15th-century cross to be returned to Namibia
Namibia will receive back one of the most valuable artefacts of the 15th century, the cross-capsule column taken by German explorers from its pedestal at Cape Cross and exhibited in a museum in Berlin, Germany, the Namibian Genocide Committee announced last week according to Xinhua News Agency.
The German Minister of State responsible for International Cultural Policy at the Federal Foreign Office, Michelle Müntefering (SPD), also released a statement welcoming the decision by the museum.
“The return of cultural goods is an important building block for our common future with Namibia,” stated Müntefering.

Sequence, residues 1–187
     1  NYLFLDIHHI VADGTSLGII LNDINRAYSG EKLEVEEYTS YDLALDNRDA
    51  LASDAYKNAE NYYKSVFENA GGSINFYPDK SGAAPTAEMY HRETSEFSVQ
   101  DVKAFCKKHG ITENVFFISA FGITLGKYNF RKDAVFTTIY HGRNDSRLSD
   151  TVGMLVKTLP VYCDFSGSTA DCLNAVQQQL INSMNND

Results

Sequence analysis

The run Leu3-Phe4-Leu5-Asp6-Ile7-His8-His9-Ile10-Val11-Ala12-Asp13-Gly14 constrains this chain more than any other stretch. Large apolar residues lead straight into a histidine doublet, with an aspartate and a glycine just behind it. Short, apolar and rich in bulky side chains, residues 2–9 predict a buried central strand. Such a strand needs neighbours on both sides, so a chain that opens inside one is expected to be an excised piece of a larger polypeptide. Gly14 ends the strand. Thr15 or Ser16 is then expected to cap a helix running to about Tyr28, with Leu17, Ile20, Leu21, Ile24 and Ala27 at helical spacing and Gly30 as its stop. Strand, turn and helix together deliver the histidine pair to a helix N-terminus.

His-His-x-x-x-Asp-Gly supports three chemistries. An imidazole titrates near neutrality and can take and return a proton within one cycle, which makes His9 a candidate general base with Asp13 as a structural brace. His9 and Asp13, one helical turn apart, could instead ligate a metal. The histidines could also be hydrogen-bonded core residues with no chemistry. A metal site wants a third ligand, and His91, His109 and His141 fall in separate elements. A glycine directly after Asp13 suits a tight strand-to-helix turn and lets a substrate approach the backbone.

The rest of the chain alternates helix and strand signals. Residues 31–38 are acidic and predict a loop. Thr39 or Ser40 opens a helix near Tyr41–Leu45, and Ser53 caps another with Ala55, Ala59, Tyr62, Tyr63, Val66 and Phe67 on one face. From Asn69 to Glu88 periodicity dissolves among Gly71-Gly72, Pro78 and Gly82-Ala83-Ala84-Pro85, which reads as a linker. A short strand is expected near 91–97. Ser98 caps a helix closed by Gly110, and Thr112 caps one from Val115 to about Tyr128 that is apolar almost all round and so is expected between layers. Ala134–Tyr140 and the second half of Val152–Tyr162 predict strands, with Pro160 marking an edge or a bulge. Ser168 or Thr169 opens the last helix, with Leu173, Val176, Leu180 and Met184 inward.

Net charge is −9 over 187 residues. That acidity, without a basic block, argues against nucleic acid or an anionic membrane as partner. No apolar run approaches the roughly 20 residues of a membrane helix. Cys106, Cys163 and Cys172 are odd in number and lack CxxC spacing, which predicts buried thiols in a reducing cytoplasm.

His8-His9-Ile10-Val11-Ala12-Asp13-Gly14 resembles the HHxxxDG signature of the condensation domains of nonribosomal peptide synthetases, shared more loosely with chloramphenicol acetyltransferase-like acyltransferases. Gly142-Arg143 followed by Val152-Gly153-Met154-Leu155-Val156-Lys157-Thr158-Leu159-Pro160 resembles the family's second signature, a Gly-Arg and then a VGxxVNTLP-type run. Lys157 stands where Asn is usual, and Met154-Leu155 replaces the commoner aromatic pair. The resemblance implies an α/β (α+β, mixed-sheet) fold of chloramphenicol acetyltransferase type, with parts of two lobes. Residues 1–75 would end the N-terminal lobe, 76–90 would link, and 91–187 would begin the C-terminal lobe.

The cross-capsule column is a former Portuguese national emblem erected by Portuguese sailers around 1486 as one of several beacons that marked their exploration of the inhospitable so-called Skeleton Coast.
Also known as the Cape Cross column, it is 3.5 meters high, weighs more than a ton and ends with a cross. Emperor Wilhelm II retrieved the massive artefact in 1894 when the territory had become the colony named Deutsch-Südwestafrika (German-Southwest Africa), administrated by Berlin.
A copy of the column was erected by Germans in 1895 and was declared a national monument by Namibia in 1968. In 2017 Namibia demanded the return of the original column.
Already in August of last year, Müntefering had human remains at his disposal returned to Namibia from Germany.